There's an audible groan when we enter, which I choose to ignore,
As already we have greater problems - namely, the floor.
"Get in a chair," I insist with a smile
And the student, well, he just reclines on the spot for a while,
Until lazily he bothers to stand, and with a casual wave of his hand
Informs me "It's a bit early to be getting so mad."

I don't rise to the bait, I instead contemplate
The complete audacity and wish he had the same capacity
For applying his mind to, say, Shakespeare.

Then I decide to head to the front of the class,
And as I walk past
Every seated student I hear "Can I take the absence sheet down?"
And I fear
I am getting bored by the question.

Non-committal, I shrug at each one, and decide that now
Some competition could be quite fun.

"I'm afraid it's quite tricky to make this decision
But perhaps with some small amount of precision, you can help
With supplying choice-making vision.
Explain the meaning of verb, or of noun, or of clause,
Tell me how come in a poem we pause... for emphasis?
Who can give the meaning of rhetorical,
Or demonstrate the hypothetical?
Who knows why we consider context,
When we move from one topic to the next?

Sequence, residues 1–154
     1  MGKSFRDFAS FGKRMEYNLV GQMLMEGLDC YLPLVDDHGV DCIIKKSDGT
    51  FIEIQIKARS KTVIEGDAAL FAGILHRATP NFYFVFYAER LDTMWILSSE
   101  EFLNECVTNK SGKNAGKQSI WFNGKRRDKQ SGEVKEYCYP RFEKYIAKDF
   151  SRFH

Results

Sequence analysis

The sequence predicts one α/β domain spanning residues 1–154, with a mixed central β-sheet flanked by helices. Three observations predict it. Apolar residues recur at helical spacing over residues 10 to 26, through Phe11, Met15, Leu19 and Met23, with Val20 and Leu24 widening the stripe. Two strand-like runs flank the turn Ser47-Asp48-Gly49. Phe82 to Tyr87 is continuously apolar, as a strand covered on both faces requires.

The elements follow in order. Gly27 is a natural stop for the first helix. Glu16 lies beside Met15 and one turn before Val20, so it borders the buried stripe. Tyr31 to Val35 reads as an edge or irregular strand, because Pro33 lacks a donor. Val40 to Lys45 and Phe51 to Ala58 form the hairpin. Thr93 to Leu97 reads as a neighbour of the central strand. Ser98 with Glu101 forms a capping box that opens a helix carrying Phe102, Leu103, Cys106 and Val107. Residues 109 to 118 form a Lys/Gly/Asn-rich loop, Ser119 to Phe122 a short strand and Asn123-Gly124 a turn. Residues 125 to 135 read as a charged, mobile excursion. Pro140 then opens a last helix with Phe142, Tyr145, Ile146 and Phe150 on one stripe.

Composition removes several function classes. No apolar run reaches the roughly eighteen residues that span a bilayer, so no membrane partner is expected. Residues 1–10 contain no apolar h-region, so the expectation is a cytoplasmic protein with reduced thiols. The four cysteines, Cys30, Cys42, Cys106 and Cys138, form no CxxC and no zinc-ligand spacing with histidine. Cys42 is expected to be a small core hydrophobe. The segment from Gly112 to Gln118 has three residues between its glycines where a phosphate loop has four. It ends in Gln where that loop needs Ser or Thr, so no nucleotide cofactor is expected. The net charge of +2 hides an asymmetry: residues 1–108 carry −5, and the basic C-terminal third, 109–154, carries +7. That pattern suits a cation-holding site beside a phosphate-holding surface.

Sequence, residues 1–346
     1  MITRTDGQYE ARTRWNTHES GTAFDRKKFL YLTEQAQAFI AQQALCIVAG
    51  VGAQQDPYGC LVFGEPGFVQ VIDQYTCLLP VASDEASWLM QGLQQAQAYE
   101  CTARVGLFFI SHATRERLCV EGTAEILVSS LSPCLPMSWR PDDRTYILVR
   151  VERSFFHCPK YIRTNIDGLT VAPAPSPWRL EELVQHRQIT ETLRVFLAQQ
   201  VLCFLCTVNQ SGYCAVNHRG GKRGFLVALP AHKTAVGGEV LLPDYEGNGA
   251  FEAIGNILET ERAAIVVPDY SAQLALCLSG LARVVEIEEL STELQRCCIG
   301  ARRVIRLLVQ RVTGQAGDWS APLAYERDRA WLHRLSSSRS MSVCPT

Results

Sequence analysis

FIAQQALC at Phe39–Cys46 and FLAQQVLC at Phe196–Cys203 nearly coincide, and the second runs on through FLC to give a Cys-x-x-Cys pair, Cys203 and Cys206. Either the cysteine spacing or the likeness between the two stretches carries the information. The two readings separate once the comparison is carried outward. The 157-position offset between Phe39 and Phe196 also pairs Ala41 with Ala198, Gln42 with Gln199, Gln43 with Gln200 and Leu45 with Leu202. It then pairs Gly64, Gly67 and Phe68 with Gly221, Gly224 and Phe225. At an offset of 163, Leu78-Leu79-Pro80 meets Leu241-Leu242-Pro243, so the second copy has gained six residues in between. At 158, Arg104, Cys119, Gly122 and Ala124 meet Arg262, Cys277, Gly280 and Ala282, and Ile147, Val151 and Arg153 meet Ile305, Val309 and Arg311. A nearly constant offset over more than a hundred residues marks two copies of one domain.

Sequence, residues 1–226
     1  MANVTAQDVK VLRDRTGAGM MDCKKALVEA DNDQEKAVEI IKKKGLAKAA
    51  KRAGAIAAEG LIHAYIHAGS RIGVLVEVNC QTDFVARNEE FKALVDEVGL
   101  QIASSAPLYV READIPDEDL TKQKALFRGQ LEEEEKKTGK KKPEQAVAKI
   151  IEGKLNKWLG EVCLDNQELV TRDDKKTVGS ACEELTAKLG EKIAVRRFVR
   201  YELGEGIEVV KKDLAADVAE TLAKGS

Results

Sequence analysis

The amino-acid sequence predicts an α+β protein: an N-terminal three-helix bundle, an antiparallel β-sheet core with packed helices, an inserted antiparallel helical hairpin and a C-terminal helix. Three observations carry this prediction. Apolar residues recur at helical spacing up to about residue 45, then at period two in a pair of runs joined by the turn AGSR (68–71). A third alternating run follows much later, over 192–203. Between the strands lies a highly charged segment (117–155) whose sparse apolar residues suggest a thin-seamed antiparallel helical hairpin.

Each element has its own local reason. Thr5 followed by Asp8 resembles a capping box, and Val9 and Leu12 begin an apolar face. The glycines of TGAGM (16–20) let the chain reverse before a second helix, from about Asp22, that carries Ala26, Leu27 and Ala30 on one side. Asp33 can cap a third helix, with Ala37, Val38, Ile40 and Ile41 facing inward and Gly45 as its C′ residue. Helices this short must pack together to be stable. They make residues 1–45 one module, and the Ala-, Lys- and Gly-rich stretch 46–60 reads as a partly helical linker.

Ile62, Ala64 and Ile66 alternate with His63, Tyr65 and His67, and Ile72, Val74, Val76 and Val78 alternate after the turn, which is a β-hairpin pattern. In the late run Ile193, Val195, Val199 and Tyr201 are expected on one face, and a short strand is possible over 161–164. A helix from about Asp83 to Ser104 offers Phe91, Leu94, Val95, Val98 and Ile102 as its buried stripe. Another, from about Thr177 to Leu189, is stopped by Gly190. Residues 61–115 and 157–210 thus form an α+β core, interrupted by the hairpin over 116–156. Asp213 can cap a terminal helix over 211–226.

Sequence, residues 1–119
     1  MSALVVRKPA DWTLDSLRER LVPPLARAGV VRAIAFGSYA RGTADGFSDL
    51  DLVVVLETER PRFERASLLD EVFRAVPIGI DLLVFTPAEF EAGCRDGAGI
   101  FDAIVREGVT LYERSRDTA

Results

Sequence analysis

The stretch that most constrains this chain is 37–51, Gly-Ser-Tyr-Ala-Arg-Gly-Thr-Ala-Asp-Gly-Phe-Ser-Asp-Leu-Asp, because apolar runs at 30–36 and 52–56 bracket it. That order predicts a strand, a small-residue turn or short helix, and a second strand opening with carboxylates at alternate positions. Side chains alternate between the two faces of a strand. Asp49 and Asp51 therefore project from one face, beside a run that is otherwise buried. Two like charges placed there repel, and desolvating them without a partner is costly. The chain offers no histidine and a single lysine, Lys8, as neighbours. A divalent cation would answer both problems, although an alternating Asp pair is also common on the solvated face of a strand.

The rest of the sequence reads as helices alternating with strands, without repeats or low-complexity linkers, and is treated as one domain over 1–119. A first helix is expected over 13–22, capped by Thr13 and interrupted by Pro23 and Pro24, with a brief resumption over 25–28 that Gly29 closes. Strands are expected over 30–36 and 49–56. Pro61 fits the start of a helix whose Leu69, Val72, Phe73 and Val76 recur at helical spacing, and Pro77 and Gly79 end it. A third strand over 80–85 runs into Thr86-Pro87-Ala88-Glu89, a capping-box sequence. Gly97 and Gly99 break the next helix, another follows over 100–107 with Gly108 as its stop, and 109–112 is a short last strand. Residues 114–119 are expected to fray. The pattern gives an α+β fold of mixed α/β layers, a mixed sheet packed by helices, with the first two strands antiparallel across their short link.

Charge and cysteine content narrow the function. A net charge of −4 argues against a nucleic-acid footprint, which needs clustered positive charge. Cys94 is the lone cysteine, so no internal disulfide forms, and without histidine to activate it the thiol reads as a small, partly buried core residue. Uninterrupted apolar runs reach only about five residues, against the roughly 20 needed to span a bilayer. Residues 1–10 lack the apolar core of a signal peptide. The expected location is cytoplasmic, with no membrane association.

Why do I make you spell out DEFINITE every week,
When it's blatantly obvious these tests put you to sleep?"

Thirty faces stare blankly, and inwardly I sigh,
Before one outspoken student begins to reply.

"Miss we don't care,
You're too old and too square,
To recall what it's like
To care less about spelling,
Than how far you can jump on your bike.
Jump is a verb, and bike is a noun,
Cats come with claws, any moron knows that,
And we'd care more about pauses if you allowed us to rap.
But as it is... (and here he pauses)
Well you see, we just don't give a cr-"

I stop him right there, with a determined, fixed stare,
And clearing my throat, speak up before he can gloat,
"You. You can take the absences down."
But this, I make sure, is said with a frown.

He takes it out of my hand with a flourish and bow,
And his classmates all think it's an absolute howl.
As for me, really I'm thrilled, what can I say?
One student has shown that he's learnt something prior to today,
Even if... it was in his own way.


Top 10 Phrases Used In The Classroom.

Greetings, dear readers.

So, it's been a while.

I doubt any readers of old still frequent this blog, and if you do... well, I'm a little concerned quite frankly. Really. StumbleUpon is your friend. Use it.